This novel was really interesting and well-paced. There wasn’t really a moment where I got bored of what was happening, or wished for it to be over. The only problem I had with it was that there were a lot of events left unexplained that you had to try to figure out yourself. I literally had to google what the ending meant because it was so vague. But overall, this is a pretty decent read! Make sure to look up the trigger warnings if you need to!”
“The fifth book of the New York Times bestselling series, The Unwanteds, is a new book filled with friends, enemies, and magic. After falling off the world’s edge trying to follow Lani’s map, Alex and his friends end up back in the ocean, on the other side of the world, with a whole new set of islands and mysteries. Shortly after they recover, they hit a hurricane, and their ship crashes, leaving Artime’s most powerful mages stranded on an empty island surrounded by shipwrecks. However, they find the land to be inhabited and gain more questions than answers, and Henry discovers a powerful tool that could save the Unwanteds or destroy them. As the hurricane rages on the Island of Shipwrecks, Aaron has to come to terms with the decision he made and the guilt he has for Eva Fathom’s death. Fueled with more anger, he makes an alliance with a powerful ally and prepares for the final battle with the Unwanteds. However, across the sea, pirates hunt for Alex and plan on capturing him for taking Copper and freeing the sea creatures. As Gondoleery plans to put her plans into action and Aaron prepares to eliminate the Unwanteds for the last time, Alex has to figure out how to get home soon.
Island of Shipwrecks is fantastic, and I highly recommend it to anyone interested in fantasy and enjoys a story that they wish could go on forever. This story shows how some characters struggle with their guilt over things they have done in the past and the secrets they have that could change everything. As the story progresses, you feel the helplessness of the characters, as they have no means to escape the island, and a battle is on the horizon.”
“Avery Grambs has a plan for a better future. The Inheritance Games follows Avery, whose plan is to go through high school, secure a scholarship, and leave. But when millionaire Tobias Hawthorne passes away and leaves Avery nearly his entire fortune, her circumstances quickly shift. The problem? Avery doesn’t even know who Tobias Hawthorne is, let alone why. Avery must relocate to the enormous, secret passageway-filled Hawthorne House in order to claim her fortune. The old man, who also enjoyed puzzles, riddles, and codes, has left his mark in every corner of this place. I found the characters to be nicely written, which was one thing I noticed when reading this novel.
The primary character, Avery, was intriguing, but I thought there was more to her that we should know. She was a character who was undoubtedly intelligent and skilled at solving problems, but I think there’s more to her. Once I remembered everyone’s names, it was simple to tell each brother apart who get introduced as Avery makes her way through her journey because they all had distinctive personalities. It became a little more challenging for me to keep track of the other side characters once they were introduced but weren’t given any tasks to complete. I’m hoping that further books will feature these characters. Although I wouldn’t describe these developments as fantastic, I was entertained enough to be surprised nonetheless. To entertain and divert the reader is, in my opinion, a delicate balance. I thoroughly enjoyed this book overall. It was a cozy mystery with some entertaining puzzles and drama thrown in, and I’m eager to read more works by these authors and others in this genre.”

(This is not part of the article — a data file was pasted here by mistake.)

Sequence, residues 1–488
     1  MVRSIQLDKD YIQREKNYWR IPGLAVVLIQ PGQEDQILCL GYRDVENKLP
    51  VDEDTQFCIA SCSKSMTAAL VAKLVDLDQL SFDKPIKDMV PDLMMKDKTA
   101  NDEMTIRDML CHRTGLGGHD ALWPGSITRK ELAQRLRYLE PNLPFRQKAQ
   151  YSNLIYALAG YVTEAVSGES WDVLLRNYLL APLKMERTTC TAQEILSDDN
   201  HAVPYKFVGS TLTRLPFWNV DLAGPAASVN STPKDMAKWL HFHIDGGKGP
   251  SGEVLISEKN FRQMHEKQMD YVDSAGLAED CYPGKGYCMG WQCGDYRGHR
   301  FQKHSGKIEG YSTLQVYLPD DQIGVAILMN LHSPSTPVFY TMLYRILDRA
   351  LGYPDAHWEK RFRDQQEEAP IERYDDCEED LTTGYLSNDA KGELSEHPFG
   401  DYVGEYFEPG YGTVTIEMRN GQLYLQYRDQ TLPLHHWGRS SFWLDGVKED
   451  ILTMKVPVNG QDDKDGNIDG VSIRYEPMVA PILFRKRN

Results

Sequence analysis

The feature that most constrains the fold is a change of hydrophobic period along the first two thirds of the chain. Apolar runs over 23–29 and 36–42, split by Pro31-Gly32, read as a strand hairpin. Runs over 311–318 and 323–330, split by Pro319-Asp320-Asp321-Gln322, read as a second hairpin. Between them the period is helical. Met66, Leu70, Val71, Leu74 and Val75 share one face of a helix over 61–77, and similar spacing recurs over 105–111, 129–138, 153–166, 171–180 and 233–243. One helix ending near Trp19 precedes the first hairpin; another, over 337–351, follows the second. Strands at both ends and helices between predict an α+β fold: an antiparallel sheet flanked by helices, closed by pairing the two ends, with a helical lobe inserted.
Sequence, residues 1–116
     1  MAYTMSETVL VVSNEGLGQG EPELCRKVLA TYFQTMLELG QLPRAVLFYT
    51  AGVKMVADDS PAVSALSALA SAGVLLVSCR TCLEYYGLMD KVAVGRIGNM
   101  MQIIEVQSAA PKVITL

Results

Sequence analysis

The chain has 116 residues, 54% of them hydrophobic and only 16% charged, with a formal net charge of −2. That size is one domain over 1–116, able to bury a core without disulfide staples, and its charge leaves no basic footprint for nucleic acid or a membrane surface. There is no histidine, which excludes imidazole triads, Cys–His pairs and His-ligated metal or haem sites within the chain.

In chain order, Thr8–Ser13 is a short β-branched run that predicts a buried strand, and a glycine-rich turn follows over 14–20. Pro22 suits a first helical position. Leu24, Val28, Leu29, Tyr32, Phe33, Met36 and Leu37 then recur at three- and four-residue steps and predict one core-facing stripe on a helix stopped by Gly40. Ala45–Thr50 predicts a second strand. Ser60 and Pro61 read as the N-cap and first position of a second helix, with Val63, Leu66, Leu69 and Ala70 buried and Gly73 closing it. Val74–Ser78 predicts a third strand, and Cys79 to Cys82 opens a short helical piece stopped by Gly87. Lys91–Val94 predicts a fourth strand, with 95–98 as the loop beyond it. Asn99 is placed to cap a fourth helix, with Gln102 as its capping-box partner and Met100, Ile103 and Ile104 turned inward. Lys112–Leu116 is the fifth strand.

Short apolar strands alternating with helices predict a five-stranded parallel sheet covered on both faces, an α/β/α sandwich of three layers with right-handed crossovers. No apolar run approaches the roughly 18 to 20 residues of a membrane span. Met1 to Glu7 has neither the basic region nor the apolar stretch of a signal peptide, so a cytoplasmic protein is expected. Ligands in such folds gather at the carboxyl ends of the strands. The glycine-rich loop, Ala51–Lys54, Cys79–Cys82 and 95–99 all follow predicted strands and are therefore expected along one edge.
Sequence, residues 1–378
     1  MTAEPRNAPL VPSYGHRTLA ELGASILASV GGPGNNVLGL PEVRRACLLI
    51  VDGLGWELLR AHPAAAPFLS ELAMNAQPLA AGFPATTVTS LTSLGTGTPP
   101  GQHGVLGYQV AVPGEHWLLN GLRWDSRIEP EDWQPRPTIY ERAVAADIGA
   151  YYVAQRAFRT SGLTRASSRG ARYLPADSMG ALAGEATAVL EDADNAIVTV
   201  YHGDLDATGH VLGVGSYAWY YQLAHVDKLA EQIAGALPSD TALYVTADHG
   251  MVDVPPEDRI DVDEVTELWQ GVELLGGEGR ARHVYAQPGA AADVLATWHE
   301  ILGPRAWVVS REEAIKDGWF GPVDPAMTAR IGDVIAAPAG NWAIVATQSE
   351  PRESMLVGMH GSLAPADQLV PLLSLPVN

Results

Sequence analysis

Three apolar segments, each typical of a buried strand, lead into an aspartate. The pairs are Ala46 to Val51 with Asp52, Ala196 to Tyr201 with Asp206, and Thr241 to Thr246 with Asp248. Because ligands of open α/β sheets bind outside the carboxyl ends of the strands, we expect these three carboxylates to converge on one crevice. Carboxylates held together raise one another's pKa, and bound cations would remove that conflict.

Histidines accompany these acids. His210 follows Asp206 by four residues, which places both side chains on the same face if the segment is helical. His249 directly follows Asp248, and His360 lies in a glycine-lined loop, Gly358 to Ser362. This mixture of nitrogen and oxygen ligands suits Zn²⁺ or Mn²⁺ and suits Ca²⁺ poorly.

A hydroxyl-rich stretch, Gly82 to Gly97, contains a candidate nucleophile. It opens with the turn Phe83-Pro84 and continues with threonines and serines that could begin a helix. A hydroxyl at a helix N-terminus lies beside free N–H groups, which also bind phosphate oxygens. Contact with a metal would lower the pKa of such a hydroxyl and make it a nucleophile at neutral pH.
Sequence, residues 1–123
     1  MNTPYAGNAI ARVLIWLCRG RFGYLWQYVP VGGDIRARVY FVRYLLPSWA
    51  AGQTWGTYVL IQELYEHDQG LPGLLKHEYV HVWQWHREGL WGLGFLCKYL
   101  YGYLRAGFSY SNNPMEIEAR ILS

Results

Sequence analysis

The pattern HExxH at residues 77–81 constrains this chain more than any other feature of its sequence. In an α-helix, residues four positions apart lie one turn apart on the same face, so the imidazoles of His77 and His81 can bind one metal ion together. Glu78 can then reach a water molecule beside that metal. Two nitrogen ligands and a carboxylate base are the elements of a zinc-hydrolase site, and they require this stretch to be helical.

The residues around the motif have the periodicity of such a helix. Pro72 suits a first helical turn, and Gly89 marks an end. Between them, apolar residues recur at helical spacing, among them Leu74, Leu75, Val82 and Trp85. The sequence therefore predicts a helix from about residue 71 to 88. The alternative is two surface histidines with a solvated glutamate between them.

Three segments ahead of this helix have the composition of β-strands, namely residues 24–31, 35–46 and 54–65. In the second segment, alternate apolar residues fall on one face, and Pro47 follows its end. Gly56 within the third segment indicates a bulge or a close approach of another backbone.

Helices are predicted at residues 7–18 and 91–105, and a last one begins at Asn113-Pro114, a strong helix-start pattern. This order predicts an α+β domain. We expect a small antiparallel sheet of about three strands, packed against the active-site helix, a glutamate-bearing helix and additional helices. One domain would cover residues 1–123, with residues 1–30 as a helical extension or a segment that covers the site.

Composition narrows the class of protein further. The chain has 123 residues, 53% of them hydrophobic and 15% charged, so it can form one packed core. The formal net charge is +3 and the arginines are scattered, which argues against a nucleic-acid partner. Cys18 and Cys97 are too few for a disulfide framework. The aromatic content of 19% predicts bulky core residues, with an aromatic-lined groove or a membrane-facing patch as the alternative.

“The Unwanteds by Lisa McMann is about two 13-year-old twins from the land of Quill; Aaron, a Wanted, soon to be sent off to the university to train to be a part of the Quillitary, an army so fearsome that no outsiders dare to cross the walls and chain-link dome that protects Quill. Alex, an Unwanted, is sent to his death for being too creative, like the other twenty Unwanteds from the annual Purge. In Quill, creativity is a crime and the high Priest Justine sends all thirteen-year-old children to death in the Great Lake of Boiling Oil each year. However, the Death Farmer, Mr. Today, has a secret. Every year he saves the Unwanteds from death by hiding them in his magical world of Artime, where they can express their creativity safely from the Governor’s watchful eyes. Not only is art abundant, but with it comes a variety of magic and a life so different from the one in Quill. When Alex and his friends Lani and Meghan realize they are free, Alex has a new goal; to save Aaron from Quill.